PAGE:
Theoretical Multivariate Statistics (WS)
Tasks of Multivariate Statistics
Most of the observable phenomena in the empirical sciences are of a multivariate nature. In financial studies, assets in the stock markets are observed simultaneously and their joint development is analyzed to better understand general tendencies and to track indices. In medicine recorded observations of subjects in different locations are the basis of reliable diagnoses and medication. In quantitative marketing consumer preferences are collected in order to construct models of consumer behavior. The underlying theoretical structure of these and many other quantitative studies of applied sciences is multivariate. The course of Theoretical Multivariate Analysis describes a collection of procedures which involve observation and analysis of more than one statistical variable at a time.
In this course following topics are treated: descriptive techniques, matrix algebra, regression analysis, simple analysis of variance, multivariate distributions, theory of the multinormal, theory of estimation, hypothesis testing, decomposition of data matrices by factors, principal components analysis.
 Descriptive Statistics and Tests are important tools to make conclusions about the sample and the population. Descriptive measures and known test will be repeated and new descriptive measures and tests will be introduced. A case study will be presented.
 Regression analysis attempts to determine a linear formula that can describe how some variables respond to changes in others. Linear regression is a method for determining the parameters of a linear system. In this course a case of multiple linear regression is studied, when there are more than one explanatory variable.
 Multivariate normal distribution, also sometimes called a multivariate Gaussian distribution, is a specific probability distribution, which is a generalization to higher dimensions of the onedimensional normal distribution. The importance of the normal distribution as a model of quantitative phenomena in the natural and behavioral sciences is due to the central limit theorem (the proof of which requires advanced undergraduate mathematics). Many psychological measurements and physical phenomena (like photon counts and noise) can be approximated well by the normal distribution. While the mechanisms underlying these phenomena are often unknown, the use of the normal model can be theoretically justified by assuming that many small, independent effects are additively contributing to each observation
 Theory of estimation develops the basic theoretical tools which are needed to derive estimators and to determine their properties in general situations. This part of course basically relies on the maximum likelihood theory. In many situations, the maximum likelihood estimators indeed share asymptotic optimal properties which make their use easy and appealing. The multivariate normal population and the linear regression model will be presented, where the applications are numerous and derivations are easy to do. In multivariate setups, the maximum likelihood estimator is at times too complicated to be derived analytically. In such cases, the estimators are obtained using numerical methods (nonlinear optimization). The general theory and the asymptotic properties of these estimators remain simple and valid.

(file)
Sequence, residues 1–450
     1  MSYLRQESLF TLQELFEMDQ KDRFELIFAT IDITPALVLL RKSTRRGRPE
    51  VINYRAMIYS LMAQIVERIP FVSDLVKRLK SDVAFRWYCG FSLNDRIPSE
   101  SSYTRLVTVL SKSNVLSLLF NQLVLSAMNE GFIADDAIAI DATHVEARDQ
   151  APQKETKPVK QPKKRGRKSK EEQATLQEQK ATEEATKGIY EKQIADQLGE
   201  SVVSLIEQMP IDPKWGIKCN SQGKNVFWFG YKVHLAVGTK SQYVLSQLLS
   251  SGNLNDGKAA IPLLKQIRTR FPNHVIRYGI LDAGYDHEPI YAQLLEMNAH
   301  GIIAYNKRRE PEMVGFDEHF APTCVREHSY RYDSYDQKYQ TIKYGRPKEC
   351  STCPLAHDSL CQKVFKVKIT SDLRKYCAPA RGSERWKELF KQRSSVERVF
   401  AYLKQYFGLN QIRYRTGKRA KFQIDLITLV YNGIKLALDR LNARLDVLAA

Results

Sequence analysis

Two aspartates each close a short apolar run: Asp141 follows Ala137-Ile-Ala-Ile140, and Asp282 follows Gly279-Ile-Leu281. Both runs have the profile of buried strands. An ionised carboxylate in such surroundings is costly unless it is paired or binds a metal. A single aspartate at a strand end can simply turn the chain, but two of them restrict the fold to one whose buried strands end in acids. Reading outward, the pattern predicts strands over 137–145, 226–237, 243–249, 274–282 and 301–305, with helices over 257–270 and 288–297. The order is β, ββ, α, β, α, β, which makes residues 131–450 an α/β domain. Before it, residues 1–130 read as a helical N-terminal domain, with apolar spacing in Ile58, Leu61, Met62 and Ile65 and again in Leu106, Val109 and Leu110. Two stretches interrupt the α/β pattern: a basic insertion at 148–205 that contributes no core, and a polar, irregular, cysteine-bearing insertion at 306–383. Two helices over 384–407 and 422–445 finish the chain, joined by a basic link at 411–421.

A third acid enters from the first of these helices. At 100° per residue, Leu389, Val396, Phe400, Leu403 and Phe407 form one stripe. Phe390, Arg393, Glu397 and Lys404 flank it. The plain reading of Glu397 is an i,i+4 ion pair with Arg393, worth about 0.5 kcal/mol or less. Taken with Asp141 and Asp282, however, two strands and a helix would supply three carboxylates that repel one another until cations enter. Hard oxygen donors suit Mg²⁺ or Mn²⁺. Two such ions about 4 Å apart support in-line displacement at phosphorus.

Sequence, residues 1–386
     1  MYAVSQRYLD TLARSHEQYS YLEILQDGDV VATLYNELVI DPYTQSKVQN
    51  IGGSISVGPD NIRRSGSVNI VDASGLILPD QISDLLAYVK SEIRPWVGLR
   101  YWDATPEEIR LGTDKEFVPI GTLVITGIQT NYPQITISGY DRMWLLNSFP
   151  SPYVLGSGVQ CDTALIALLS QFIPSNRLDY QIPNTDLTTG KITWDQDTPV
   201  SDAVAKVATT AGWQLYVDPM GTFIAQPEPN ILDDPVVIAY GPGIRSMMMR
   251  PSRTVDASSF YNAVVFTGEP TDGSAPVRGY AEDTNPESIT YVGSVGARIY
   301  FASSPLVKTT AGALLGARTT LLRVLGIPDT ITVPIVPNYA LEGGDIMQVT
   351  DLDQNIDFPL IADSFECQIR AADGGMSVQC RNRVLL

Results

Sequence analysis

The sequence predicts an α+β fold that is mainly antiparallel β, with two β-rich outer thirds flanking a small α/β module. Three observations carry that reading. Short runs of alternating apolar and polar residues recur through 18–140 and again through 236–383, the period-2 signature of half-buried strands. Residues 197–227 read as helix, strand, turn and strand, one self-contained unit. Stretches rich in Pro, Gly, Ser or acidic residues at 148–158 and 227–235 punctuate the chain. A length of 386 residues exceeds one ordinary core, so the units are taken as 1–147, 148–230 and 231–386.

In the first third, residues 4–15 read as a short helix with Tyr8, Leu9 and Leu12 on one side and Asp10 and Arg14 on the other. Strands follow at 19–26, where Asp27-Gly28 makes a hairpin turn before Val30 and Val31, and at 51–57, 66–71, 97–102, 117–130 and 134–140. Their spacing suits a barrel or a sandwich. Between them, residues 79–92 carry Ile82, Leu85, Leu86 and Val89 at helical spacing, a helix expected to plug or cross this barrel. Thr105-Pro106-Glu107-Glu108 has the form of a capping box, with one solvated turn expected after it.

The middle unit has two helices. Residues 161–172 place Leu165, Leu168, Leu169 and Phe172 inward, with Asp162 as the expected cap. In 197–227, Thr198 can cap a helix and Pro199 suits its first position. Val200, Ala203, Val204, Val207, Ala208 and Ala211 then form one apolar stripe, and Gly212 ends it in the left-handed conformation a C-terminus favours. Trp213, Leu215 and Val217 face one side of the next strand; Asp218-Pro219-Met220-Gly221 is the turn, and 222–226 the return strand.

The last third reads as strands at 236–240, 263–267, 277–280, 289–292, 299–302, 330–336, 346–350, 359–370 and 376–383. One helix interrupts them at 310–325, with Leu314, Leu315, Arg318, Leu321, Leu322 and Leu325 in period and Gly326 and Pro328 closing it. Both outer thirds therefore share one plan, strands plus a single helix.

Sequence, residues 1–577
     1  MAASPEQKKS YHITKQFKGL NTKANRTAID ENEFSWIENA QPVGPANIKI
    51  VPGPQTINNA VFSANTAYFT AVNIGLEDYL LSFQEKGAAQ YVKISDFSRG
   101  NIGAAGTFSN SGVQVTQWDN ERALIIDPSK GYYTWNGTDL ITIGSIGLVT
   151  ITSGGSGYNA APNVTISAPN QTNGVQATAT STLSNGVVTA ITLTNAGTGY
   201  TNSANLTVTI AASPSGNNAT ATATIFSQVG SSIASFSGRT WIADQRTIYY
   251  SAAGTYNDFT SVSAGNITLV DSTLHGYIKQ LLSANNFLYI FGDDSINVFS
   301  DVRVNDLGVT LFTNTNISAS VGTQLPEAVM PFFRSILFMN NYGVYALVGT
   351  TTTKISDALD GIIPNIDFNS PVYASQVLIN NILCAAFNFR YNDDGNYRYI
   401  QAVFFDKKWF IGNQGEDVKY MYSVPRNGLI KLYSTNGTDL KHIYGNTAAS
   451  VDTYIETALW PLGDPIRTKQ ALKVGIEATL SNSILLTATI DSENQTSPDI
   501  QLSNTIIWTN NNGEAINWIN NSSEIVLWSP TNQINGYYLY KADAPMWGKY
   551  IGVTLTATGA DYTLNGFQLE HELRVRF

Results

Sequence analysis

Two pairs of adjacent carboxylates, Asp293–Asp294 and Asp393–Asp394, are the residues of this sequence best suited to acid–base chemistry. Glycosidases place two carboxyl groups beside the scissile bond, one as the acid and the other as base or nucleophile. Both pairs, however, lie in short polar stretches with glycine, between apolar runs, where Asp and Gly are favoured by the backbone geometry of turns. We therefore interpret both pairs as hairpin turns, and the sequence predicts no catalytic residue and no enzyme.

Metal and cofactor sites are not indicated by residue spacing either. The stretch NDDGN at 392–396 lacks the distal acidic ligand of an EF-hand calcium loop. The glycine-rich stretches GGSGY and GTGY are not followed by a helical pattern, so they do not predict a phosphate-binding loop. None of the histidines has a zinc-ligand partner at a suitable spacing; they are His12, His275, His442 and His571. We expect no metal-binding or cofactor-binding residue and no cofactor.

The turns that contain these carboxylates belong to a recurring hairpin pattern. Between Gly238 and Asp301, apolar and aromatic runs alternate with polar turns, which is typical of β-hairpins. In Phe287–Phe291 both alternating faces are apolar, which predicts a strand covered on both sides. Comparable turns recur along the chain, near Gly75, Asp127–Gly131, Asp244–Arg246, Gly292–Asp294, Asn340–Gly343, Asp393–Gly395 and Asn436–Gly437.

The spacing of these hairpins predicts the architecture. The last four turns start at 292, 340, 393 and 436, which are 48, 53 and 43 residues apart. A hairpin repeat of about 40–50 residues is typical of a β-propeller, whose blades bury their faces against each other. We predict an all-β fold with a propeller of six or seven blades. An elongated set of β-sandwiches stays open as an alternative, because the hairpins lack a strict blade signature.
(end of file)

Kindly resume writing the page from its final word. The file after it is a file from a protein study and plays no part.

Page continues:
Hypothesis testing combines statistical tools which allow to test the hypothesis that the unknown parameter belongs to some subspace. A rejection region can be constructed based on likelihood ratio principle. This technique will be illustrated through various testing problems and examples such as comparison of several means, repeated measurements and profile analysis.
News
 Please register for the course in OPAL.
 For questions please contact Iryna Okhrin.
Schedule
Event  Day  Time  Room  Teacher 

Lecture 
until Friday 
 
online 

Excersise 
until Friday 
 
online 
Themen
 Matrix algebra.
 Moving to higher dimensions.
 Linear Models and ANOVA.
 Multivariate Distributions.
 Theory of Multinormal.
 Multivariate Distributions.
 Copula.
 Theory of Estimation and EM Algorithm.
 Hypothesis Testing.
Literatur

Backhaus, K., Erichson, B., Plinke, W., Weiber, R. (2008), Multivariate Analysemethoden: Eine anwendungsorientierte Einführung (12. Auflage), Springer Verlag.

Härdle, W., Simar, L. (2015), Applied Multivariate Statistical Analysis (4nd edititon), Springer Lehrbuch.

Härdle, W., Hlavka, Z. (2007), Multivariate Statistics: Exercises and Solutions, Springer Lehrbuch.